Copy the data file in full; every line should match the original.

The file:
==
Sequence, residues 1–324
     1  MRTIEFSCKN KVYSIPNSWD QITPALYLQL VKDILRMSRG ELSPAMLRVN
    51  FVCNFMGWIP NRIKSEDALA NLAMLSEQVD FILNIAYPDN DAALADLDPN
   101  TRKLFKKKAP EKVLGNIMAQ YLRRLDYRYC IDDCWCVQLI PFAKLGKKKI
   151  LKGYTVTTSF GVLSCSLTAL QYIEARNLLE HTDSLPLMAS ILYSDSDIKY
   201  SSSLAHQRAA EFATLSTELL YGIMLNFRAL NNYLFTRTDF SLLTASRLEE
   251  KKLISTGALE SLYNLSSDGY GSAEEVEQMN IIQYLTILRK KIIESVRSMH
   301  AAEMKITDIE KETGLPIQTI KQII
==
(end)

Sequence, residues 1–324
     1  MRTIEFSCKN KVYSIPNSWD QITPALYLQL VKDILRMSRG ELSPAMLRVN
    51  FVCNFMGWIP NRIKSEDALA NLAMLSEQVD FILNIAYPDN DAALADLDPN
   101  TRKLFKKKAP EKVLGNIMAQ YLRRLDYRYC IDDCWCVQLI PFAKLGKKKI
   151  LKGYTVTTSF GVLSCSLTAL QYIEARNLLE HTDSLPLMAS ILYSDSDIKY
   201  SSSLAHQRAA EFATLSTELL YGIMLNFRAL NNYLFTRTDF SLLTASRLEE
   251  KKLISTGALE SLYNLSSDGY GSAEEVEQMN IIQYLTILRK KIIESVRSMH
   301  AAEMKITDIE KETGLPIQTI KQII